(ST. ANDREWS, Scotland) -- Researchers at the University of St. Andrews in Scotland say they have found clear evidence in a massive study that there is something they call the "widowhood effect," which indicates many people really do die of sorrow at the loss of a loved one.
Researchers looked at 58,000 married couples, dating back to 1991, in a study spotlighted in The Daily Mail. They found 40 percent of women and 26 percent of men died within three years of their partners. The causes range from cancer and heart disease to accidents and suicide. In some cases the death of the spouse was almost immediate. Forty died within 10 days and 12 died on the same day. Although the causes differ, researchers say their evidence of a "widowhood effect" is "robust."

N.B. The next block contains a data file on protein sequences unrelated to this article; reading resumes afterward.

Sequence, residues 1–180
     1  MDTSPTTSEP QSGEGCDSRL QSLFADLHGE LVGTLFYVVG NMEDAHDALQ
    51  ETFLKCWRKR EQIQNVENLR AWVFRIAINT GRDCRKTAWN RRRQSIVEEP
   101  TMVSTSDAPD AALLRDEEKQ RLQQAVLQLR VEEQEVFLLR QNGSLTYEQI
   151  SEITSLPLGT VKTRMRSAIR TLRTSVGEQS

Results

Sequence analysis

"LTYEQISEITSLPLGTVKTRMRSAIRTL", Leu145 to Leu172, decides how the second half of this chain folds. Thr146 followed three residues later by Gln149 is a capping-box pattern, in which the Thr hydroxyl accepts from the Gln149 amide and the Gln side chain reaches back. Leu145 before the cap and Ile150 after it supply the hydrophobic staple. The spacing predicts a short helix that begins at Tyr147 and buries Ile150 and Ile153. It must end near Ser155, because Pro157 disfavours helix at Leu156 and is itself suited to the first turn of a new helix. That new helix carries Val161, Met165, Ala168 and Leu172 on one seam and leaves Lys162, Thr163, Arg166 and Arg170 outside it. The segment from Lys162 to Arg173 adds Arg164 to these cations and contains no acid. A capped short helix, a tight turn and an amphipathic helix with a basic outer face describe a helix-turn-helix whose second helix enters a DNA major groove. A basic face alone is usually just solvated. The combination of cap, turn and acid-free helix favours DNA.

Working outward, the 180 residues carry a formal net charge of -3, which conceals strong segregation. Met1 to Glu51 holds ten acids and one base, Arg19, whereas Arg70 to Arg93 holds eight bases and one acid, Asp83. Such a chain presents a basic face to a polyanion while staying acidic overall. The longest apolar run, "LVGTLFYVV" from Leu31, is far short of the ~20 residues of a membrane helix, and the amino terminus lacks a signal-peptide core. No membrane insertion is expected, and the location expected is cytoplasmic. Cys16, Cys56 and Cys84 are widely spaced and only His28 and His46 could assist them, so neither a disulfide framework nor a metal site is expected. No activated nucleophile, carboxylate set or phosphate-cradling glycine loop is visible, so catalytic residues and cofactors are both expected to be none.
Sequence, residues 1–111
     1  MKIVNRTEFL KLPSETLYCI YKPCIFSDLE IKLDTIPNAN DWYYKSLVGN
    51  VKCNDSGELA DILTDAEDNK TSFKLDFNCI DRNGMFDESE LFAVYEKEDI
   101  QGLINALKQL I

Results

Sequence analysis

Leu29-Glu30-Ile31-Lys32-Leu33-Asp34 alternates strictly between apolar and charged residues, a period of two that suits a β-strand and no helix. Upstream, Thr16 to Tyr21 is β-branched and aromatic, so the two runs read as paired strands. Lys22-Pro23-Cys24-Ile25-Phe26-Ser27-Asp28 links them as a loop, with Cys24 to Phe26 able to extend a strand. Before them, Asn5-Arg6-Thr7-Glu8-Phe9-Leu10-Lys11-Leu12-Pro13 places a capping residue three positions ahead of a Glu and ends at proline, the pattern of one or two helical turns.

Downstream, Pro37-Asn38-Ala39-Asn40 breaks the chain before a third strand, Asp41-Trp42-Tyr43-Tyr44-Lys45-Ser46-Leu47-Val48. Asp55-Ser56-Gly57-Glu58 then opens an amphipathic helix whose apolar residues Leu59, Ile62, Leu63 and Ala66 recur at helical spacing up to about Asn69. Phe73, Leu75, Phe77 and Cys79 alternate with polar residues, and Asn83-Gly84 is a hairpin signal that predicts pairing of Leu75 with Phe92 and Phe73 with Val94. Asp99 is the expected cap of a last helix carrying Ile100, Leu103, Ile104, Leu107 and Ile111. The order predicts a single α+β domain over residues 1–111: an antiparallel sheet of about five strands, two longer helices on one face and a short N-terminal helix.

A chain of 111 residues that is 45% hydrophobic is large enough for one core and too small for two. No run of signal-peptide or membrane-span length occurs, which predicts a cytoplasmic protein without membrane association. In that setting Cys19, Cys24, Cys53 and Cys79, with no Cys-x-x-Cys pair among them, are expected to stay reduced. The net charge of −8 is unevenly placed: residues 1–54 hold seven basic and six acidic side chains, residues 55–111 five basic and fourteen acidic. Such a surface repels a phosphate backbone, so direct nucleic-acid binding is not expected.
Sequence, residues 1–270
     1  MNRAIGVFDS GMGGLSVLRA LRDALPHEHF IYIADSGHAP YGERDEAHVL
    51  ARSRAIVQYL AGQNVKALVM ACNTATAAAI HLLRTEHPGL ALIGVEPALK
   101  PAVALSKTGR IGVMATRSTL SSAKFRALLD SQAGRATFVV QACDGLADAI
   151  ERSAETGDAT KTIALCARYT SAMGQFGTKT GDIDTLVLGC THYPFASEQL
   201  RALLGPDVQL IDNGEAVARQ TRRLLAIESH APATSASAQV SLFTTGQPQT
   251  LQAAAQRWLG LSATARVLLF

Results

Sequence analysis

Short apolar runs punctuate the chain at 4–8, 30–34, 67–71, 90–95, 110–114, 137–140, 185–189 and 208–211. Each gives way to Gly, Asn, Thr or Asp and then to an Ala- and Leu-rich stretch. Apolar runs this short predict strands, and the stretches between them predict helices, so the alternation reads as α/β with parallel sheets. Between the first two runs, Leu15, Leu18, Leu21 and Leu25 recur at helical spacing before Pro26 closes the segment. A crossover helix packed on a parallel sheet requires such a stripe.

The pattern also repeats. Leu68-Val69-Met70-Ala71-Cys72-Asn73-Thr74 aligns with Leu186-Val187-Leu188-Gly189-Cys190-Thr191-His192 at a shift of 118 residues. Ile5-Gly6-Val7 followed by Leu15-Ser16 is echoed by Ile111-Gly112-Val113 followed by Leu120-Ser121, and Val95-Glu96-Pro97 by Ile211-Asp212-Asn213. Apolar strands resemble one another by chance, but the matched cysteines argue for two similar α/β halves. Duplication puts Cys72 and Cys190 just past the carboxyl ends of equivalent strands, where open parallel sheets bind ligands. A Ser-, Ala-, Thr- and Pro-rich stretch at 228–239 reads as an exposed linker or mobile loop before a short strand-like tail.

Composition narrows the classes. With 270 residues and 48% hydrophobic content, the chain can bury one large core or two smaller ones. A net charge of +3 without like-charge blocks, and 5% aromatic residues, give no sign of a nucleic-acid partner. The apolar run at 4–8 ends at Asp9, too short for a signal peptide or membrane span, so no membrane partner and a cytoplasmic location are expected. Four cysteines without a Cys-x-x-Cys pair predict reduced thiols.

The full study will be published next year in the journal, Epidemiology.
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